Specific services have also been created to confuse the traces and to avoid that the transactions can allow the reconstruction of specific operations backwards. These operations are specifically designed to confuse the waters on the Blockchain so that its monitoring does not allow to understand what specific addresses are doing, to where they are hijacking their bitcoins and for what purposes.
Starting from 2018, however, something has started to change with respect to the original approach: according to a European anti-money laundering directive , in fact, every operation with cryptocurrency managed on the continental territory will have to certify the identity of the user and this aspect is full responsibility for the exchange that enables it. The transposition of the directive by member countries will in fact prohibit the pseudo-anonymity that lies behind cryptocurrency transactions, homologating real currencies with virtual ones to approve the regulations. Once the anonymity has been broken down, the EU hopes, money flows can be controlled to prevent cryptocurrencies like Bitcoin from becoming privileged channels for money laundering and terrorist cell financing.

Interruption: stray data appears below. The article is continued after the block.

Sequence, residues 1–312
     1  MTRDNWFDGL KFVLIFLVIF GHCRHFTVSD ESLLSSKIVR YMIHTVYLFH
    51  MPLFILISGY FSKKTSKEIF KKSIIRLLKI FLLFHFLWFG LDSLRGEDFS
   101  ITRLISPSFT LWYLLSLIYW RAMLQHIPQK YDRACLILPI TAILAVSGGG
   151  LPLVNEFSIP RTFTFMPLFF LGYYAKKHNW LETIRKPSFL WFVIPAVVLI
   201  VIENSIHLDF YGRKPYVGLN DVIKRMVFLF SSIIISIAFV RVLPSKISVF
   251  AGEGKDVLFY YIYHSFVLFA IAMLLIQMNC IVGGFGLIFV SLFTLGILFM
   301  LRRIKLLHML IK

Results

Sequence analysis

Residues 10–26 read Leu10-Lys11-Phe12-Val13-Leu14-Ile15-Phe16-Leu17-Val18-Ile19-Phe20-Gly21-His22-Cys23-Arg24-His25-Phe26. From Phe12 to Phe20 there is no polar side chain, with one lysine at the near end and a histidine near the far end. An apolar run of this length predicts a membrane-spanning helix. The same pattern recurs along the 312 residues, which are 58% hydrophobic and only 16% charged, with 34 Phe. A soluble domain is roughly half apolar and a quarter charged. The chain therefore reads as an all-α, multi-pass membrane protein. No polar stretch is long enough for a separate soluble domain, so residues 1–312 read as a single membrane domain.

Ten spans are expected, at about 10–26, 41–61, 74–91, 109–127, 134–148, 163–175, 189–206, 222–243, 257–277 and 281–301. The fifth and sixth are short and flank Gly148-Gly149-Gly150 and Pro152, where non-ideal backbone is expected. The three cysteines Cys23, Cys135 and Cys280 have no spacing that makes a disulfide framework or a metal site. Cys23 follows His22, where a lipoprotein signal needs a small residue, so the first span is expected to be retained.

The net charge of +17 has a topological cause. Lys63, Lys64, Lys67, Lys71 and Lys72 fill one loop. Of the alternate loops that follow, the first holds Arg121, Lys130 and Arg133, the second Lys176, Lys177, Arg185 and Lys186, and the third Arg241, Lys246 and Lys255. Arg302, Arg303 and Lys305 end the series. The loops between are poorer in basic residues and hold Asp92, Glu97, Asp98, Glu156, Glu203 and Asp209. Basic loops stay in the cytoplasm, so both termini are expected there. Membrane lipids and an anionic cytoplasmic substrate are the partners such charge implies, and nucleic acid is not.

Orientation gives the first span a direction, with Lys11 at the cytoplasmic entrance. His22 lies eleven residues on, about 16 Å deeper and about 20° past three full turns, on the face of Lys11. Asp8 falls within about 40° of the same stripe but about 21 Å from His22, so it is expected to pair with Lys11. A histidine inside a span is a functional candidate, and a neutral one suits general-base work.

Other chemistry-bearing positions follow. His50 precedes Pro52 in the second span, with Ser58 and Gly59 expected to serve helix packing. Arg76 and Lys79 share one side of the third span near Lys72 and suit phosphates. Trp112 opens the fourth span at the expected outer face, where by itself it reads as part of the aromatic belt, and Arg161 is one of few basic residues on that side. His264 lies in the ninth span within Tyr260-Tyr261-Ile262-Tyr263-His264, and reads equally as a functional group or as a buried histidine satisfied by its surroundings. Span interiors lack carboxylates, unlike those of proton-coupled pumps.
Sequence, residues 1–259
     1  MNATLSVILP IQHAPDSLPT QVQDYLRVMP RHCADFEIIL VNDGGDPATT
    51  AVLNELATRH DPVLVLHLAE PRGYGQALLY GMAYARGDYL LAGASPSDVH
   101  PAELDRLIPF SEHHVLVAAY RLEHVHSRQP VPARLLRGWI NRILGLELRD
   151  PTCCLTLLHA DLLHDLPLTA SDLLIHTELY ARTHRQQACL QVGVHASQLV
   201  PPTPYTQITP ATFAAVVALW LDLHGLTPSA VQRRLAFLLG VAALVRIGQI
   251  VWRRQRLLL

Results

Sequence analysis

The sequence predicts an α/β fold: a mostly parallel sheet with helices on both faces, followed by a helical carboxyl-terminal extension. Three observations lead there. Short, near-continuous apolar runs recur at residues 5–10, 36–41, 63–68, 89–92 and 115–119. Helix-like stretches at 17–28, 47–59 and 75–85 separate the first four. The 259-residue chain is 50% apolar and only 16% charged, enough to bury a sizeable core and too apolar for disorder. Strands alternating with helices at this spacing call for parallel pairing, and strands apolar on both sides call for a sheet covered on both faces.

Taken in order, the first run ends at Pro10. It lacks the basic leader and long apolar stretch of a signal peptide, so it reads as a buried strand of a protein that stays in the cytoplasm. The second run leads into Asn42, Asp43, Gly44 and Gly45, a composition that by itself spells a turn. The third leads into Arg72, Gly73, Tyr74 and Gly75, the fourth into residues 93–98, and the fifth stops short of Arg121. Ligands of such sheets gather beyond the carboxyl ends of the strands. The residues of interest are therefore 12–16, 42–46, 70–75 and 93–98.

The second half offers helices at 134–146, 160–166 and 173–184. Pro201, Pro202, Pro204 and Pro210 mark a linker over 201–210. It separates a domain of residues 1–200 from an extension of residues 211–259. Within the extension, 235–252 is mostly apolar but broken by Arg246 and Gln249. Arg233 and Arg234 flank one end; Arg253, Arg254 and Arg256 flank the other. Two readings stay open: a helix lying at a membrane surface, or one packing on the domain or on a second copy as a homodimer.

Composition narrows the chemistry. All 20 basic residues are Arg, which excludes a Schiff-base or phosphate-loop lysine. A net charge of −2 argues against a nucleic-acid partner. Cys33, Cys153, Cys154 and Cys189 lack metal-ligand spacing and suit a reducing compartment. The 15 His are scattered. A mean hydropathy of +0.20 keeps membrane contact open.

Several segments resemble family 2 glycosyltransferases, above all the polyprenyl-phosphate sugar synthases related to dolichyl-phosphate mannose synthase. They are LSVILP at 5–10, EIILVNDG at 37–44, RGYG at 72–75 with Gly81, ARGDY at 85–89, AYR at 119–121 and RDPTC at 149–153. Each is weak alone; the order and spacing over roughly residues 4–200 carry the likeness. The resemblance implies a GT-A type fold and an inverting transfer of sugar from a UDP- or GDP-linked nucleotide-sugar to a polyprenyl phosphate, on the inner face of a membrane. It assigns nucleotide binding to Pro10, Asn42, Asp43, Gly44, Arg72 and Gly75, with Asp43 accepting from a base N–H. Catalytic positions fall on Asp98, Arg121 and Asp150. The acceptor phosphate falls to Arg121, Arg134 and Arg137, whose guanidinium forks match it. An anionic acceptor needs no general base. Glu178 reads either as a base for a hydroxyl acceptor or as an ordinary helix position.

Bitcoins according to the Revenue Agency
Bitcoin is a type of “virtual” currency, or rather “cryptocurrency”, used as an “currency” as an alternative to the traditional currency with legal tender issued by a monetary authority.
This consideration makes bitcoin transactions not subject to VAT because they pertain to the currency market.
Who invented Bitcoins
Bitcoin was invented by Satoshi Nakamoto . The problem is, if anything, in the fact that nobody knows who Satoshi Nakamoto is, which therefore appears not as an authentic name, but as a pseudonym. Over time various theories have emerged and various suspects have been pointed out to be the founders of Bitcoin. Also Elon Musk (before his curt denial) was among the candidates. The truth is that to date no one knows for sure who Nakamoto is, thus adding a further aura of mystical mystery around the origins of what has been a multi-billion euro economic phenomenon.
But if the birthplace of Bitcoin lurks behind the legendary shadow of a mysterious genesis, it risks reverberating dangerously on the present. In fact, a few large “whales” hold a large percentage of the total value of the virtual currency created up to now: no one knows who is behind it, many suspect even coordinated speculative maneuvers, and there is no way of knowing whether these large portfolios could be also that of the founder. In short, behind the legendary aura of Satoshi Nakamoto, there is the risk that large interests may be hidden and this does not help to the necessary transparency of the plant that the Bitcoin system is asked for in many parts to be definitively integrated and institutionalized as an accepted reality , shared and destined to last over time.